Definitions

from The American Heritage® Dictionary of the English Language, 4th Edition

  • n. A country lad, especially a young shepherd.
  • n. A beau.

from Wiktionary, Creative Commons Attribution/Share-Alike License

  • n. A knight's servant; an attendant.
  • n. A country labourer; a countryman, a rustic.
  • n. A rural lover; a male sweetheart in a pastoral setting.

from the GNU version of the Collaborative International Dictionary of English

  • n. A servant.
  • n. A young man dwelling in the country; a rustic; esp., a cuntry gallant or lover; -- chiefly in poetry.

from The Century Dictionary and Cyclopedia

  • n. A young man or boy in service; a servant.
  • n. A young man in attendance on a knight; a squire.
  • n. A man dwelling in the country; a countryman employed in husbandry; a rustic.
  • n. Hence A country gallant; a lover or sweetheart generally.

from WordNet 3.0 Copyright 2006 by Princeton University. All rights reserved.

  • n. a man who is the lover of a girl or young woman

Etymologies

Middle English, young man, servant, from Old Norse sveinn; see s(w)e- in Indo-European roots.
(American Heritage® Dictionary of the English Language, Fourth Edition)
From Old Norse sveinn, from Proto-Germanic *swaina-, *swainaz (“relative, young man, servant”), from Proto-Indo-European *se- (“aside, separated, apart”). Cognate with Old English swān. (Wiktionary)

Examples

  • 'I protest,' cried Sir Sedley to Camilla, tis your favourite swain from the Northwick assembly! wafted on some zephyr of Hope, he has pursued you to Tunbridge.

    Camilla: or, A Picture of Youth

  • 'You lump the gold and make it current coin; -- says the blushing bride, who ought not to have delivered herself so boldly, but she had forgotten her bashful part and spoilt the scene, though, luckily for the damsel, her swain was a lover of nature, and finding her at full charge, named the very next day of the year, and held her to it, like the complimentary tyrant he was.'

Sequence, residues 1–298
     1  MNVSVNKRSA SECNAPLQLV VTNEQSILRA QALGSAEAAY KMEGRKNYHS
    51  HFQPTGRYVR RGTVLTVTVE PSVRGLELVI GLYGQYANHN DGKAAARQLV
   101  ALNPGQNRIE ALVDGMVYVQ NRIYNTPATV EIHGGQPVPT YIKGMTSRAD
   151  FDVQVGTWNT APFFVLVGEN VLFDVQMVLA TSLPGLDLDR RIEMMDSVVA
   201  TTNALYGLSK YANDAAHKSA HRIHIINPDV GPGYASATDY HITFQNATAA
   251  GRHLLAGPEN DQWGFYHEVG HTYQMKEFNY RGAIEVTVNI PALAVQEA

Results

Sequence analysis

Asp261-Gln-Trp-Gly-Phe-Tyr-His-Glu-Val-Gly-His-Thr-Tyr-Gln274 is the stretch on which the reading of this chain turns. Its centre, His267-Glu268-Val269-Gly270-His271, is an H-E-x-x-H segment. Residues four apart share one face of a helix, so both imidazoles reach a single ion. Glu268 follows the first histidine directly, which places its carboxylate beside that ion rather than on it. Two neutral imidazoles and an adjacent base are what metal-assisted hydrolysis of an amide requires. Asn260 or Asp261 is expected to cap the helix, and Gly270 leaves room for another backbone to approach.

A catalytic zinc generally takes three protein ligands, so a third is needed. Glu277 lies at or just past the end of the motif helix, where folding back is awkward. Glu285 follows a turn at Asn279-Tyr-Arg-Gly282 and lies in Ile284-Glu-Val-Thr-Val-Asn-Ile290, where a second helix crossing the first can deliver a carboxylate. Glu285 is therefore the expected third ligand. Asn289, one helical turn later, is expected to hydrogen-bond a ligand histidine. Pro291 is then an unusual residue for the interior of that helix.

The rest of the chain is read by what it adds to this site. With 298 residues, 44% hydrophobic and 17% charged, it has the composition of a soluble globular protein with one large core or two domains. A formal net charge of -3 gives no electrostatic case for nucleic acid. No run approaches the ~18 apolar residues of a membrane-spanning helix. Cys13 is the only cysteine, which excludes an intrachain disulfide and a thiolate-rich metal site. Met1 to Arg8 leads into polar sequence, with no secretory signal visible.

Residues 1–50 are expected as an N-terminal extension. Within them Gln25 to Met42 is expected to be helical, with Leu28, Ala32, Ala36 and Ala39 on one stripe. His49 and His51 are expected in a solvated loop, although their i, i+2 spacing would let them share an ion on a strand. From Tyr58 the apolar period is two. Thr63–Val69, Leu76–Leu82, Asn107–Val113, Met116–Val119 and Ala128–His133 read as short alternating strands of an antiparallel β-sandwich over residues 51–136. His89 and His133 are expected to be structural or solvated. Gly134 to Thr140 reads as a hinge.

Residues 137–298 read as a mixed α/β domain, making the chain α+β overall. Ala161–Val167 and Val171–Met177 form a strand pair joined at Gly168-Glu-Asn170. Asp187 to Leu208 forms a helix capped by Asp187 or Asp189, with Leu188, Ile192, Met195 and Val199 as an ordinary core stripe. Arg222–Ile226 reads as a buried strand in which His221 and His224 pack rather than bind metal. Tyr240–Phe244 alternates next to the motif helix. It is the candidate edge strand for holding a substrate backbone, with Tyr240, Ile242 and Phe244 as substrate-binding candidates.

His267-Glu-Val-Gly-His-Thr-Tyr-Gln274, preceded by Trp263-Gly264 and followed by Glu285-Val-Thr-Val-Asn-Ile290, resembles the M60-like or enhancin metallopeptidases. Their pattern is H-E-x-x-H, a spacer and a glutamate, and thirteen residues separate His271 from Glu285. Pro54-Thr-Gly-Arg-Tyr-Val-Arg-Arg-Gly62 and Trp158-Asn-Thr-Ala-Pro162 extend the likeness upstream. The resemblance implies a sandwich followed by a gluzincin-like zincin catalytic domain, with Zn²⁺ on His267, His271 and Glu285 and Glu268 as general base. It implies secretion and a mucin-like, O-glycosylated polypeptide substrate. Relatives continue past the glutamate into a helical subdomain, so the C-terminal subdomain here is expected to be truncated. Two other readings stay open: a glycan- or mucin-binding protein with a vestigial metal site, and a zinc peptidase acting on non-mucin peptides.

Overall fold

One of Our Conquerors — Volume 1

  • She was in a bitter state of trepidation, or she would have thought twice before she touched a nerve of the enamoured lady, as she knew she did in calling her swain a poor brute, and did again by pertinaciously pursuing:

    Evan Harrington — Volume 4

  • Watteau-like figures, -- tall damsels in slim waists and with spread enough of skirt for a modern ballroom, with bowing, reclining, or musical swains of what everybody calls the "conventional" sort, -- that is, the swain adapted to genteel society rather than to a literal sheep-compelling existence.

    Complete Project Gutenberg Oliver Wendell Holmes, Sr. Works

  • I do have to say that I loved the photo of the young lady with her 'swain' in his kilt..very very classy.

    A Linktastic Friday to End All Linktastic Fridays - A Dress A Day

  • There was no more chanting from the wells: only shuffle and creak, the cox'swain's count, the thresh of the wheels overside.

    Three Worlds To Conquer

  • "Why, look'ye, when I've seen so many pretty fellows knocked off the ship's roll altogether, don't you think I ought to be thankful if I can answer the bo'swain's call anyhow?"

    Wonderful Adventures of Mrs. Seacole in Many Lands

  • You want your kingdom in Virginia; and if you listen to my opinion, the little misfortune which has happened to your swain is a piece of great good-fortune to you.”

    The Virginians

  • Your "swain" is a criminal and is blackmailing you?

    NEWS.com.au | Top Stories

  • Behn fast-forwards in the second stanza to "Blooming May", and enjoys elaborating on the spring-time celebrations from which the unhappy "swain" must be excluded.

    Culture | guardian.co.uk

Comments

Log in or sign up to get involved in the conversation. It's quick and easy.

  • “Who is Celia? What is she? That all her swains commend her?” -- Otto Waltz. From Deadeye Dick by Kurt Vonnegut.

    If you ever want to scare people the way Otto Waltz did, this word should be in your vocabulary.

    December 9, 2012

  • "A jovial swain should not complain of any buxom fair / Who mocks his pain and thinks it gain to quiz his awkward air."

    An ingenious couplet notable for containing all letters of the English alphabet save one.

    March 18, 2009